At times questions were asked about individual players, and the former Hull manager again extolled the virtues of goalkeeper Daniel Bentley, who he has previously tipped for international honours: “All I’ve said to Dan Bentley is it’s a learning curve for him; he’s been watched by England on Saturday, this kid’s got a great future, but it’s the small details that’ll make him a better goalkeeper, that’ll make us a better back four unit and it’ll prevent us from conceding goals.”

“I don’t want to put any more pressure on [the kids]; I’ve already said Dan Bentley will play for England and probably I’m getting too excited, but I rate them. You saw the best of Lenny; Lenny’s coming, slowly but surely. That was his best performance on Saturday and we want to compound that. What do you mean by that? The next game’s got to be as good, if not better so now, all of a sudden you’ve started your career and it’s off and running. You don’t want to go Wycombe away, then the next game you go down the dip, you need a consistency and the young boys don’t know what that means yet. They’ve got to get a season under their belt, then a career it just follows on but to get to 25, 26 you’ve got to have played.”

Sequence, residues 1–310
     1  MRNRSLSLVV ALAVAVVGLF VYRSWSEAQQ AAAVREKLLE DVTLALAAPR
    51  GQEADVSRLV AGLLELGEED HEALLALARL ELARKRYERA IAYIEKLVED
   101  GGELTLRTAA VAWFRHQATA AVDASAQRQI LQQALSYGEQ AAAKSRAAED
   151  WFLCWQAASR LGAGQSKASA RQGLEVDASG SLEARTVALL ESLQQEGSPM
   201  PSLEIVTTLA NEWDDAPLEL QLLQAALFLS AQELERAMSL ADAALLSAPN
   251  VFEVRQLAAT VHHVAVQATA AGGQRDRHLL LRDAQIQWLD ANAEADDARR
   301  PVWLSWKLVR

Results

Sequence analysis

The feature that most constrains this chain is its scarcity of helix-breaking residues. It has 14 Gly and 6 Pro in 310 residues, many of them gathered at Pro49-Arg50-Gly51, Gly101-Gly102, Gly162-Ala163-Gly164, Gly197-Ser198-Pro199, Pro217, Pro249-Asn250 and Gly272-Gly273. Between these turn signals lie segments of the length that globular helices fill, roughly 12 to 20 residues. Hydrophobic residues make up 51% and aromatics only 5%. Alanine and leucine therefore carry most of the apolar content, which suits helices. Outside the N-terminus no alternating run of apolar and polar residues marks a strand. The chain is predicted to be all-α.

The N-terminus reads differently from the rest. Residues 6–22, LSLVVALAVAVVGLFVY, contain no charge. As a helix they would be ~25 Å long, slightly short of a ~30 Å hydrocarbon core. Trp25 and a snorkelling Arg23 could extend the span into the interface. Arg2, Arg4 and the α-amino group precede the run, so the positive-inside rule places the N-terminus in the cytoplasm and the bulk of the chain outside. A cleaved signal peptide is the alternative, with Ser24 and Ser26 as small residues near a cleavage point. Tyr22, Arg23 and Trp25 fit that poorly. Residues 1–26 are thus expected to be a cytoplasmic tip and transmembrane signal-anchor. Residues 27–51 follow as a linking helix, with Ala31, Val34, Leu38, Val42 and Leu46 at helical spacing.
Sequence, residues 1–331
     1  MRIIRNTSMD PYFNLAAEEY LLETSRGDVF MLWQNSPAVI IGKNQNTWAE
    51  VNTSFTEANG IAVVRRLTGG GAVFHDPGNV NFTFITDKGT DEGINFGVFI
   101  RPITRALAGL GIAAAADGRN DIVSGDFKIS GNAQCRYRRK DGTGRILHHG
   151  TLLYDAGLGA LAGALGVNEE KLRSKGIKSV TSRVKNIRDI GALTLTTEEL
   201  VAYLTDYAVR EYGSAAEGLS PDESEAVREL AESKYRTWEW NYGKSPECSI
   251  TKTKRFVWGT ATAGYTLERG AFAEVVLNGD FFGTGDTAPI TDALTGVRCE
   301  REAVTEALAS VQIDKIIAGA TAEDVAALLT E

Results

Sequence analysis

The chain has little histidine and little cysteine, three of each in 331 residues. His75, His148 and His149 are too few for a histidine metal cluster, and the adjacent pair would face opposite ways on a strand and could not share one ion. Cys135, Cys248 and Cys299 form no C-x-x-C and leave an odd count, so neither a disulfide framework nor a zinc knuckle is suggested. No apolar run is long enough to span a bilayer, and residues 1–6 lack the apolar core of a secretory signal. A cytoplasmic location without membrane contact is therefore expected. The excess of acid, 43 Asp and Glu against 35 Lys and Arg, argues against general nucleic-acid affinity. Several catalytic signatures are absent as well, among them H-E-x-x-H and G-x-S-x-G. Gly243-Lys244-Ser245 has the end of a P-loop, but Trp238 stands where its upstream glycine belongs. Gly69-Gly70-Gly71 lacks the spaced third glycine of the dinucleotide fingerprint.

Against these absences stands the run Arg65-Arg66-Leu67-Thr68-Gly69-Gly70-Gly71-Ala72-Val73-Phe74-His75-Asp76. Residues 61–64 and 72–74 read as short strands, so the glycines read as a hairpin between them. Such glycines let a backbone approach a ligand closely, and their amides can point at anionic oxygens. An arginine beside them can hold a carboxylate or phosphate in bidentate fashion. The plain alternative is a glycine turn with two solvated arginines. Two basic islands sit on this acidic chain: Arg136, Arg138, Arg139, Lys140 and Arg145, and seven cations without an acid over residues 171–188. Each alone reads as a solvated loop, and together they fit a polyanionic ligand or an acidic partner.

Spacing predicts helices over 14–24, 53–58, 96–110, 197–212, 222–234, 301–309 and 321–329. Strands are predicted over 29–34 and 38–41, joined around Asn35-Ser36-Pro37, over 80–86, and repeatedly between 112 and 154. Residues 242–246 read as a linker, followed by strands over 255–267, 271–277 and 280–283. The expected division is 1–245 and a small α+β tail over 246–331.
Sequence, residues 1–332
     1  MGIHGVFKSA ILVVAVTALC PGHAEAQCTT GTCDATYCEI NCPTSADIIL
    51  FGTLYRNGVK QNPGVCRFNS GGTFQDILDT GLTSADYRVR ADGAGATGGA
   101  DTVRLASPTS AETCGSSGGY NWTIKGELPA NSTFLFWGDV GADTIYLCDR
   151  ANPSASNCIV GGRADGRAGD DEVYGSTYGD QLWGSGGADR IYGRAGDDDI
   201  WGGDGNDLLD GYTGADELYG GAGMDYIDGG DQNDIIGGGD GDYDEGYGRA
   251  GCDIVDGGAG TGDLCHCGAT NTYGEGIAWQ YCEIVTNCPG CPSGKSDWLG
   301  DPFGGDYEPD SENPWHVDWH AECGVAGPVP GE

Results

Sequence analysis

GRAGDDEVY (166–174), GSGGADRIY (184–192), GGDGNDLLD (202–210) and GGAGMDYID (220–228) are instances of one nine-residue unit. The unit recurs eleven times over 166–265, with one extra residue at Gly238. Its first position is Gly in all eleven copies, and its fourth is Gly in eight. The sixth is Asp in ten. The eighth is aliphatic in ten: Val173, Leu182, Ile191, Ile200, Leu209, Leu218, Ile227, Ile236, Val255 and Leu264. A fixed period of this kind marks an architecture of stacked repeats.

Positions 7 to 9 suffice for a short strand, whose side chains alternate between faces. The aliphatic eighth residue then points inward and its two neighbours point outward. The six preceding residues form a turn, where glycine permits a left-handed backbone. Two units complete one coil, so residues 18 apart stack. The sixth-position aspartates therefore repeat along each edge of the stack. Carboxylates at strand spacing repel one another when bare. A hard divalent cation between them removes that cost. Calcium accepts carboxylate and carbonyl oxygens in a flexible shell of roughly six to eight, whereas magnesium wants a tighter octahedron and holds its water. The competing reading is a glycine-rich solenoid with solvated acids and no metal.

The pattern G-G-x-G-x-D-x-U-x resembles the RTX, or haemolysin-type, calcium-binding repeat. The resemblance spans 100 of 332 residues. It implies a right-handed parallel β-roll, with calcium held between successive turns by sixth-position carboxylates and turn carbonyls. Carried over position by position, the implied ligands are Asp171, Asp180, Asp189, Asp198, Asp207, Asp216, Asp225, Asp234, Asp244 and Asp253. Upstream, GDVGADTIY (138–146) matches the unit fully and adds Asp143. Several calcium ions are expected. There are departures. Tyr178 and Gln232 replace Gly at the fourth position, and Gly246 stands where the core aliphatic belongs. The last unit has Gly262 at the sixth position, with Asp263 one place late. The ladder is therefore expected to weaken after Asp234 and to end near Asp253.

“I started at 18 and by the time I was 25, I’d gone 44, 44, 46, 46, 44 and then I had a fall-out with the chairman and got the sack! But these things happen. They don’t know what a career means yet. They don’t know what it’s about yet, but they will. They will improve, no doubt about it with good seniors around them these lads will improve. I don’t know how far they will go, I have no idea yet.”

“You’ve got to be there as a father, you’ve got to be there as a coach, you’ve got to be there as a group of supporters and give these kids time. If I drop a clanger, I expect you to come and whack me, I expect to get some stick, but that’s life, I’m big enough and I‘m ugly enough. These kids are not; they haven’t got any scars of war yet, but let’s get a couple of seasons under their belt and then see where it takes us.”